First-Timer's Guide to Attending a Concert
So, you just bought your first ticket to the Symphony...
Whether it was to appease your significant other or fulfill your own curiosity, on behalf of Pacific Symphony, welcome. We understand that classical music has the reputation of being intimidating and unapproachable, but we work hard to change that perception at Pacific Symphony. To ease some concerns and help answer a few first-timer questions, we put together this guide to give you the best experience at Pacific Symphony.
When should I arrive?
Most of our evening concerts begin at 8 p.m. (Sunday evening performances usually have an earlier start.) We recommend arriving at least 30 minutes before to allow time to park, pass a quick security inspection as you enter the hall, find your seat and look through the program book.
You are also welcome to join us for our 7 p.m. Preview Talks before each Classical Series concert. Presented by some of Southern California’s foremost music scholars, these pre-concert lectures provide interesting insight and background information related to the music you will hear that night.
What should I wear?
Concerts are meant to be fun social occasions and you should feel free to wear whatever makes you feel comfortable! Many people choose to wear slightly dressy casual clothes, but you’ll see everything from khakis with a nice shirt to dresses and suits. Some people enjoy dressing up and making it a special night, and you are certainly welcome to do so as well. Still, evening gowns and tuxedos are pretty rare except on our Opening Night Celebration.
How long is a concert?
Concerts vary in length depending on music selection, but most Pacific Symphony concerts are about two hours in length including a short intermission halfway through. With Pops concerts, the Symphony often performs on the first half with Richard Kaufman conducting and is joined by a special guest artist for the second half. Sunday Matinees are about 90 minutes in length with no intermission. Family Musical Mornings concerts last 45 minutes with an interactive Musical Carnival before the 10 a.m. performance and after the 11:30 a.m. performance. Estimated concert run times are also printed in all program books.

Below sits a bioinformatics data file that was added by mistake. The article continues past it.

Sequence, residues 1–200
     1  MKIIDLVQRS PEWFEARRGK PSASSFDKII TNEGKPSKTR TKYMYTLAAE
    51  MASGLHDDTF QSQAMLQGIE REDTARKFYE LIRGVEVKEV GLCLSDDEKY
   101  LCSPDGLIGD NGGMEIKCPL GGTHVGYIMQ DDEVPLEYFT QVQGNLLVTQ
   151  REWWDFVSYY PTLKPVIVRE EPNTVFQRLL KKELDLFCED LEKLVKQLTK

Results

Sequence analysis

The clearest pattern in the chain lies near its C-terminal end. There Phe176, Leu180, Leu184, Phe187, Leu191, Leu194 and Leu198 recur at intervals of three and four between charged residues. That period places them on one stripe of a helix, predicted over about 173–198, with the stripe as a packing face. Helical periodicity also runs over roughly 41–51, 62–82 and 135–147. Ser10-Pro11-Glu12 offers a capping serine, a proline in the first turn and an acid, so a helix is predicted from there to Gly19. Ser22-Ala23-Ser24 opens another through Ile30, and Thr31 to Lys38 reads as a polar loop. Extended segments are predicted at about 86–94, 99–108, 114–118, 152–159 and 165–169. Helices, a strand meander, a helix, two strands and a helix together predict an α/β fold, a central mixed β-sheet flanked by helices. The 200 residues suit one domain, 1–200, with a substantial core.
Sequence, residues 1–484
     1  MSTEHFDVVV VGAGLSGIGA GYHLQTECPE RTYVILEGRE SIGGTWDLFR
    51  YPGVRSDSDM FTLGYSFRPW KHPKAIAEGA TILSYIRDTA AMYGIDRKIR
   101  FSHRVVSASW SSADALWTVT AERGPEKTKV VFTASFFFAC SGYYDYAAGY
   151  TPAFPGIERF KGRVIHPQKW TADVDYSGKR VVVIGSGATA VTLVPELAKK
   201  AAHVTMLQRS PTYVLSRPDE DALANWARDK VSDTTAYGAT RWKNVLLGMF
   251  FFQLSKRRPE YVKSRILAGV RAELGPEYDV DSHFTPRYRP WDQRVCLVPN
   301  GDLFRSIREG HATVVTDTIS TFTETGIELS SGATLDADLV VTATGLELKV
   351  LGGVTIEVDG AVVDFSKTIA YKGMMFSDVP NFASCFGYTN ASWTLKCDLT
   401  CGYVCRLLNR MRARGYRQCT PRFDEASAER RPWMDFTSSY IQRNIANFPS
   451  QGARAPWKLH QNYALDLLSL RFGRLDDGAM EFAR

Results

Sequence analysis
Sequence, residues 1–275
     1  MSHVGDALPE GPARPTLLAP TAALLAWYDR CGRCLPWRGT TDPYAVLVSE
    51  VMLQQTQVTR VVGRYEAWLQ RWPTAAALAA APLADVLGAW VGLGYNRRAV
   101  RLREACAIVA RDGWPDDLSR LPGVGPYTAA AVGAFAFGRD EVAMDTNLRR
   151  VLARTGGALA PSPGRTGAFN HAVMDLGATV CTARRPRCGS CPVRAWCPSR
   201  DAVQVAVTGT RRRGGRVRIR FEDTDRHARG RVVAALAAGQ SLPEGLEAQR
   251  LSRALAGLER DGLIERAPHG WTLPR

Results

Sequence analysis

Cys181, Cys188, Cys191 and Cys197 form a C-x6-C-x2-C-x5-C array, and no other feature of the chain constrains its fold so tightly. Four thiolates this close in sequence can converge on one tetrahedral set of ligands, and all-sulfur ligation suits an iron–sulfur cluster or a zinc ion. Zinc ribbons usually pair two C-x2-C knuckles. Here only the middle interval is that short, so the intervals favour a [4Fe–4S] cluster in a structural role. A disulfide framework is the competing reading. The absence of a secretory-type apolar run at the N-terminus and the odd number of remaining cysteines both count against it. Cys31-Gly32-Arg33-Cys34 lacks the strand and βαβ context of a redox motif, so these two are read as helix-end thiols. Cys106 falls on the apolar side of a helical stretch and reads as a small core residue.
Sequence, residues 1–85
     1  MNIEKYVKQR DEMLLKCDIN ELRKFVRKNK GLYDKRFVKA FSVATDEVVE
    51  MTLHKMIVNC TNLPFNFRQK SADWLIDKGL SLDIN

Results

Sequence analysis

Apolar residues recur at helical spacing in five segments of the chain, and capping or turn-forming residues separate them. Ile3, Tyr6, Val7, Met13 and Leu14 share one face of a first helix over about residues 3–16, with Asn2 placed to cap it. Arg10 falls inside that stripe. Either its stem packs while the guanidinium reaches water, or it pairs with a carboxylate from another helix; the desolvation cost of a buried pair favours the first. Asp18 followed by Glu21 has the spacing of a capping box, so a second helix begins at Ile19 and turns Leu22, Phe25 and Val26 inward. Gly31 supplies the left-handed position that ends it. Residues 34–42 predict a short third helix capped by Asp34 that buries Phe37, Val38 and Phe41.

Can I bring my kids?
Kids are absolutely welcome at the Pacific Symphony as long as they are able to sit through a standard-length concert without disrupting others. We also offer two concert series designed with young children in mind. Family Musical Mornings, offered on five Saturdays throughout the season, is the perfect way for families with youngsters to enjoy music together. Families with older children should consider our Sunday matinee concerts.
Will I recognize the music?
Because classical music is so prevalent in mainstream media, movies, TV shows and commercials, it is quite likely that you will recognize many parts of a piece of music that we play. When you recognize a famous melody within a larger piece, it can be an extremely exciting and rewarding experience.
Do I have to know the music before I attend?
Not at all! One of the joys of going to a Pacific Symphony concert is the opportunity to explore a brand new piece of music and allow it to take you on a journey. Some patrons find that researching a piece of music beforehand, by listening to recordings on YouTube or Spotify or reading about the composer, helps them better anticipate what sections in the piece to pay attention to.
The Preview Talks at 7 p.m. before our Classical Series concerts can also provide added insight into the music. We also release a Preview Talk podcast about a week before each concert so you can learn about the program during your morning commute! Most concert-goers find that reading through the program notes (either at the concert hall or online before the concert) provides a good balance between having some background of the music while also allowing the freedom for the music to surprise them naturally.
What is there to do before the concert?
The Renée and Henry Segerstrom Concert Hall is located next to some of the best restaurants OC has the offer. Please visit our Dining & Rewards page for a list of partner restaurants and learn how a Pacific Symphony Rewards card can help you save on your night out.